First-time offenders and alternative sentencing
Many people make mistakes and, if given the opportunity, are willing to take responsibility for those mistakes to show they are not likely to reoffend. Recognizing this, many Georgia courts have created programs designed to benefit first time offenders. These programs take many forms and can result in your charges being dismissed and restricted from your criminal record. The most common three forms these take in Georgia are pretrial diversion, conditional discharge, and the First Offender Act, all of which are the focus of this article.
Pretrial diversion is a program typically only offered to first time offenders charged with certain less serious offenses. In many courts, the program is entered prior to entering a plea to the charges, and those eligible for the program are supervised for a period of time, on average three to nine months, either through probation or more informally by the court. Some courts require you to have a lawyer to enter these programs. During this time, you may be required to complete certain conditions of the program which may include payment of a fee, community service, alcohol or drug counseling, a theft prevention course, random alcohol and drug screens, or various other conditions that may be deemed appropriate for the circumstances.
If you are arrested or charged with new offenses or fail to complete the requirements, you can be removed from the program and your case will be returned to the normal criminal justice system to be prosecuted. Depending on the program, you may have given up some of your rights for the opportunity to enter the program. If you successfully complete the program, your charges can be dismissed or reduced. You may also be eligible to have your criminal record and court records restricted.
Conditional discharge is a special type of plea that permits a judge to defer adjudication of guilt and dismiss the charge upon completion of a term of probation and certain other conditions. There are two different forms of conditional discharge. One form applies to certain types of drug-related offenses and another form applies to the purchase or possession of alcohol by a person under the age of 21. This type of plea can only be used once in a lifetime for each form of conditional discharge. Conditions are typically tailored to treatment and rehabilitation such as substance abuse counseling and random drug screens, but can also include jail time, community service, a fine, or other conditions.
Upon violation of the conditions of probation or new charges, the judge can revoke your conditional discharge and enter an adjudication of guilt, which will appear as a conviction. You can also be resentenced up to the maximum punishment allowed under the law for the charge. If you successfully complete the terms and conditions, however, you will be discharged without adjudication of guilt, the charge is dismissed, and you can honestly state that you were never convicted of the offense. Your criminal record can also be restricted and you can seek to have your court records sealed.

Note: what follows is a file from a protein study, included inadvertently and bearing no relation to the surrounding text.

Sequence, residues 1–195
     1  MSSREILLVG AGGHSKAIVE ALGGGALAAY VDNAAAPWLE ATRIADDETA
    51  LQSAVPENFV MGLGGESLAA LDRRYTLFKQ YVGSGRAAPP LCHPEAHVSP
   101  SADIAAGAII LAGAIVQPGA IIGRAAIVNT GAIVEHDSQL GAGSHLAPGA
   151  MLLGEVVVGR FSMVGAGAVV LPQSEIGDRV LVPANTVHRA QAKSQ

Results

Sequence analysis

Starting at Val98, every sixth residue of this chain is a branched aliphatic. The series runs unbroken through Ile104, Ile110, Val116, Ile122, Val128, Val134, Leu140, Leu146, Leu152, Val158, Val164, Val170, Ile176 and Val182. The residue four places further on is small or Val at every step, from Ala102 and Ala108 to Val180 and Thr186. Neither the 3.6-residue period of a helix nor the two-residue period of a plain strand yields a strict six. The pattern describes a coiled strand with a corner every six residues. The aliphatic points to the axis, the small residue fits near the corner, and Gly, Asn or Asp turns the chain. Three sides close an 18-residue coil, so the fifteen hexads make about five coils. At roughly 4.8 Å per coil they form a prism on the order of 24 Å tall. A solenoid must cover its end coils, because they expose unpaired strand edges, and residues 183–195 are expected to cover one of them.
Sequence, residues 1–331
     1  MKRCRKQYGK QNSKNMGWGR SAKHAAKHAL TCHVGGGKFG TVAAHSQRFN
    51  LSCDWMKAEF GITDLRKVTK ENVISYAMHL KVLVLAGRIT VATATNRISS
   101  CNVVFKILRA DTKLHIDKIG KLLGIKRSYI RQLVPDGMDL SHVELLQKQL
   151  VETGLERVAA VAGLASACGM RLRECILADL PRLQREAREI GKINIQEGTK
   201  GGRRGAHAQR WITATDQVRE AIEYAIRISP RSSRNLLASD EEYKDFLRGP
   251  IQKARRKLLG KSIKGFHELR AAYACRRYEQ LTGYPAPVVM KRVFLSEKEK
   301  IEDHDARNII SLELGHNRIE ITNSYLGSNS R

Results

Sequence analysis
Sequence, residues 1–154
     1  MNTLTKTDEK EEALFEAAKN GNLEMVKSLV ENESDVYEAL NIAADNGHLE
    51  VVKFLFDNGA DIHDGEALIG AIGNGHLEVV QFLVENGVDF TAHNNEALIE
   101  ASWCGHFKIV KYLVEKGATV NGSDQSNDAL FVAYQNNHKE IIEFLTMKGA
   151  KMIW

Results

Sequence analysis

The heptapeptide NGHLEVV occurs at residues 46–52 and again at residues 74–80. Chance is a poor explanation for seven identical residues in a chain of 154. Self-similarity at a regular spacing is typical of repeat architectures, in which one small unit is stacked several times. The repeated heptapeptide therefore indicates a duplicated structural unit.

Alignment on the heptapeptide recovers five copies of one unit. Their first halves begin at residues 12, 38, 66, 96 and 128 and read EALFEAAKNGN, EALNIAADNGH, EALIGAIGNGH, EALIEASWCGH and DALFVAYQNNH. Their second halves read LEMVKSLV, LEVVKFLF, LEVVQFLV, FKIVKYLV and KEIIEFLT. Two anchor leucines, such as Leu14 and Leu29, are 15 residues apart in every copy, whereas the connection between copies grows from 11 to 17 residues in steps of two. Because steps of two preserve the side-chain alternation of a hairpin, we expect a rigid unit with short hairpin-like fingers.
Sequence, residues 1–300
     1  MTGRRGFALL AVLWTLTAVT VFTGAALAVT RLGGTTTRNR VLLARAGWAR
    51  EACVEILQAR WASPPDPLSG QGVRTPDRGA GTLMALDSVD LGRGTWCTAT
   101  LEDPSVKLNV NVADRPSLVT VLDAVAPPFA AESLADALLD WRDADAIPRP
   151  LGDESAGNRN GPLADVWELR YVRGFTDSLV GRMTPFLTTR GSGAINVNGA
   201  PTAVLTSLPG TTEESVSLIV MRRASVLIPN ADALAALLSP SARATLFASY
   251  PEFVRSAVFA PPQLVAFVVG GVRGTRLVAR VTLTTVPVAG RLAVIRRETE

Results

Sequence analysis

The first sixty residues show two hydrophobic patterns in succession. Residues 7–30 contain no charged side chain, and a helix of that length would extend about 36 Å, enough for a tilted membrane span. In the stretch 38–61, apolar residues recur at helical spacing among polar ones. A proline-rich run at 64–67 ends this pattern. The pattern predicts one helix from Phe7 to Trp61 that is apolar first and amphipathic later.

A plea under the First Offender Act permits a court to defer entering a conviction and sentence you to jail or probation, or some combination of the two, and upon successful completion the terms of the sentence, the court may decline to enter final judgment of guilt in the case. First offender treatment can only be used once in a lifetime by a person who has never previously been convicted of a felony.
A first offender plea can be used for misdemeanor or felony offenses, and for a wider range of offenses than a conditional discharge plea. First offender treatment is not available if you are charged with certain types of offenses, which commonly include serious violent felonies, certain sexual offenses, computer pornography, and DUI.
If you are convicted of another crime during the period of a first offender sentence or violate the terms of your probation, the court can enter a conviction and proceed to sentence you as provided by law. At that time, the judge will have the discretion to sentence you to the maximum penalty for the offense, which may be a longer sentence than you originally received.
Though no conviction has been entered, any person on probation for a felony under Georgia’s First Offender Act is not allowed to possess a firearm until successfully discharged. Additionally, first offender status granted in cases related to the operation of a vehicle will not prevent the applicable license suspension or revocation.
If you successfully complete the terms of a first offender sentence, you will be completely exonerated of guilt. The law states that a first offender discharge shall not affect any of your civil rights or liberties and you will not be considered to have a criminal conviction for the offense under Georgia law. Your criminal record and court records can also be restricted.
Entry into a pretrial diversion program and sentencing under conditional discharge or the First Offender Act is at the discretion of the court and is not automatically granted to defendants, even if they are otherwise eligible.
A criminal conviction can cause many collateral consequences and affect eligibility for financial aid, would have to be disclosed on job applications, and could otherwise hold you back in life. Court programs and alternative sentencing help individuals who have made a mistake move forward without the weight of a criminal conviction on their records. If you are faced with criminal charges, it is important to work with an experienced criminal defense law firm to ensure your case is handled properly to get the best resolution, with the option to get your record sealed, so that you can keep as many opportunities as possible open to you in your life.